Article version: Enterprise Server 2.16

Telling Git about your signing key

To sign commits locally, you need to inform Git that there's a GPG or X.509 key you'd like to use.

Telling Git about your GPG key

If you're using a GPG key that matches your committer identity and your verified email address associated with your GitHub Enterprise account, then you can begin signing commits and signing tags.

If you don't have a GPG key that matches your committer identity, you need to associate an email with an existing key. For more information, see "Associating an email with your GPG key".

If you have multiple GPG keys, you need to tell Git which one to use.

  1. Open TerminalTerminalGit Bashthe terminal.

  2. Use the gpg --list-secret-keys --keyid-format LONG command to list GPG keys for which you have both a public and private key. A private key is required for signing commits or tags.

    $ gpg --list-secret-keys --keyid-format LONG

    Note: Some GPG installations on Linux may require you to use gpg2 --list-keys --keyid-format LONG to view a list of your existing keys instead. In this case you will also need to configure Git to use gpg2 by running git config --global gpg.program gpg2.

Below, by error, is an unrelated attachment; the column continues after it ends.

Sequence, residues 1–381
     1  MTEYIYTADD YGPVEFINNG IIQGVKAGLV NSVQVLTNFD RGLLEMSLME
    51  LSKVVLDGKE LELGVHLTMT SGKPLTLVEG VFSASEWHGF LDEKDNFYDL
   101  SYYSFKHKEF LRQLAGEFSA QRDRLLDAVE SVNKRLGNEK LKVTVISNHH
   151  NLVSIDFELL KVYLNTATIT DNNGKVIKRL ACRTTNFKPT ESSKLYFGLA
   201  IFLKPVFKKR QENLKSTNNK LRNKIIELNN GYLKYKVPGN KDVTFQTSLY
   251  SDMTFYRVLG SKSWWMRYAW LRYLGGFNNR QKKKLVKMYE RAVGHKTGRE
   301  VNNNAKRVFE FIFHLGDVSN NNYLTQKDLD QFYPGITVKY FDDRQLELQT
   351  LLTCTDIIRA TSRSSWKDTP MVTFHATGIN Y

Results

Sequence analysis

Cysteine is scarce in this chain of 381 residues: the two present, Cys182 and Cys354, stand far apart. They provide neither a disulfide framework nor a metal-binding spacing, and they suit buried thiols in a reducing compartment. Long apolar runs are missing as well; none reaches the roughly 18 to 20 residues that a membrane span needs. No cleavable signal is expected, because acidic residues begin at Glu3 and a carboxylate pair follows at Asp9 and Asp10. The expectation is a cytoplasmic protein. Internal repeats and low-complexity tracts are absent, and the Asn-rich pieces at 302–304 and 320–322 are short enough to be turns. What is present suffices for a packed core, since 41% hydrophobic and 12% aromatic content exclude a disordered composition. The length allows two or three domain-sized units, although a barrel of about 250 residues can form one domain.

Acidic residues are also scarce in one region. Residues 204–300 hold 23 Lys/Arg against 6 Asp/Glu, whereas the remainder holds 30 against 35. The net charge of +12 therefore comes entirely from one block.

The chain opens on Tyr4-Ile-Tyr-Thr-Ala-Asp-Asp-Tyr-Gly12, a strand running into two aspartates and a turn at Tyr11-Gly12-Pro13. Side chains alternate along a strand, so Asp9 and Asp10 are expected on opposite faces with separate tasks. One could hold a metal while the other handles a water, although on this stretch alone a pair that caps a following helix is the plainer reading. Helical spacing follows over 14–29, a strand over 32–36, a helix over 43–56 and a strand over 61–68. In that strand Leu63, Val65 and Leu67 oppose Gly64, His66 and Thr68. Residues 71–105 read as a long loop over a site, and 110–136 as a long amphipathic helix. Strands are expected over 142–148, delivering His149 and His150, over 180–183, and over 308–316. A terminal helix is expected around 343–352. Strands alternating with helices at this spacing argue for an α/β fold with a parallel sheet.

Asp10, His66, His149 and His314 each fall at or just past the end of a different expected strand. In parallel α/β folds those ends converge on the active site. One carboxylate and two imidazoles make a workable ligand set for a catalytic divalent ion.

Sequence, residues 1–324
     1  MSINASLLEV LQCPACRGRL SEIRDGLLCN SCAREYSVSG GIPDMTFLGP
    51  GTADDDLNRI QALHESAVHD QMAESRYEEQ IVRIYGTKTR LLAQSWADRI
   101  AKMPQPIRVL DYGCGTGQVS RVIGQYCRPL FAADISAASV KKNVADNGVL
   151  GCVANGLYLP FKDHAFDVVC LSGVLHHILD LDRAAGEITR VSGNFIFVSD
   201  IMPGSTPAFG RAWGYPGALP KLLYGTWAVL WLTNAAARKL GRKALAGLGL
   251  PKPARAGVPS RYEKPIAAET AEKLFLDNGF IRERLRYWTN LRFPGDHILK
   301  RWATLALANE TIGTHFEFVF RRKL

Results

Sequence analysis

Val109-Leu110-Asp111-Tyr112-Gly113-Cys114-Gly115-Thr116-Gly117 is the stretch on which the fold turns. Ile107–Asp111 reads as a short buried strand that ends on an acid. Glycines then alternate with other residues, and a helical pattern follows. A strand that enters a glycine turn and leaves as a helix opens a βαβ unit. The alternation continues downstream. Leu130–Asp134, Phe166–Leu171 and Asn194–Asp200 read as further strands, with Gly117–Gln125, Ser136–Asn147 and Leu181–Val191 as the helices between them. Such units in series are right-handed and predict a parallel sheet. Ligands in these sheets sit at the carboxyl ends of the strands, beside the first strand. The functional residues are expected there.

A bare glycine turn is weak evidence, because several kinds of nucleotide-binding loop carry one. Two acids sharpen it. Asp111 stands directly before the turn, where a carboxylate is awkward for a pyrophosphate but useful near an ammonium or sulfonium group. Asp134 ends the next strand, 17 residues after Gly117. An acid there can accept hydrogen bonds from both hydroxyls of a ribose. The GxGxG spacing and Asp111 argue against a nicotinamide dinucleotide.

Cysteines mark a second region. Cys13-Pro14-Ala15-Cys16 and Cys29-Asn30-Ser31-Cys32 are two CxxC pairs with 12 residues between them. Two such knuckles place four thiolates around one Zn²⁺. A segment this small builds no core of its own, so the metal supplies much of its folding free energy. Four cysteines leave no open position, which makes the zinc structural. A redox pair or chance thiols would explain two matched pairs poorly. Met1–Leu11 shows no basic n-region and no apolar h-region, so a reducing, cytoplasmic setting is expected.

3. From the list of GPG keys, copy the GPG key ID you'd like to use. In this example, the GPG key ID is 3AA5C34371567BD2:

    $ gpg --list-secret-keys --keyid-format LONG
    /Users/hubot/.gnupg/secring.gpg
    ------------------------------------
    sec   4096R/3AA5C34371567BD2 2016-03-10 [expires: 2017-03-10]
    uid                          Hubot 
    ssb   4096R/42B317FD4BA89E7A 2016-03-10
  4. To set your GPG signing key in Git, paste the text below, substituting in the GPG key ID you'd like to use. In this example, the GPG key ID is 3AA5C34371567BD2:

    $ git config --global user.signingkey 3AA5C34371567BD2
  5. If you aren't using the GPG suite, paste the text below to add the GPG key to your bash profile:

    $ test -r ~/.bash_profile && echo 'export GPG_TTY=$(tty)' >> ~/.bash_profile
    $ echo 'export GPG_TTY=$(tty)' >> ~/.profile

    Note: If you don't have .bash_profile, this command adds your GPG key to .profile.

Telling Git about your X.509 key